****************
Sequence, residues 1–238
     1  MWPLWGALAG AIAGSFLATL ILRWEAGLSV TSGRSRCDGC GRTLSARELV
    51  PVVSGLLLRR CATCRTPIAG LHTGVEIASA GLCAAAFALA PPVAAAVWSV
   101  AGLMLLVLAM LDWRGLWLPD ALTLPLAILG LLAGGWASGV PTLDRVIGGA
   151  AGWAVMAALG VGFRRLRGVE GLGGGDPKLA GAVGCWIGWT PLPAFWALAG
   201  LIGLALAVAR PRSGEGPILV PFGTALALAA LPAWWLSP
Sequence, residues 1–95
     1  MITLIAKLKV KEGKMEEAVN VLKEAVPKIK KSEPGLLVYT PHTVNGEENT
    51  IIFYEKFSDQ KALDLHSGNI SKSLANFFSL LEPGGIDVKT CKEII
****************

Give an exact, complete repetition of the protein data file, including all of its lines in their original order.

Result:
Sequence, residues 1–238
     1  MWPLWGALAG AIAGSFLATL ILRWEAGLSV TSGRSRCDGC GRTLSARELV
    51  PVVSGLLLRR CATCRTPIAG LHTGVEIASA GLCAAAFALA PPVAAAVWSV
   101  AGLMLLVLAM LDWRGLWLPD ALTLPLAILG LLAGGWASGV PTLDRVIGGA
   151  AGWAVMAALG VGFRRLRGVE GLGGGDPKLA GAVGCWIGWT PLPAFWALAG
   201  LIGLALAVAR PRSGEGPILV PFGTALALAA LPAWWLSP
Sequence, residues 1–95
     1  MITLIAKLKV KEGKMEEAVN VLKEAVPKIK KSEPGLLVYT PHTVNGEENT
    51  IIFYEKFSDQ KALDLHSGNI SKSLANFFSL LEPGGIDVKT CKEII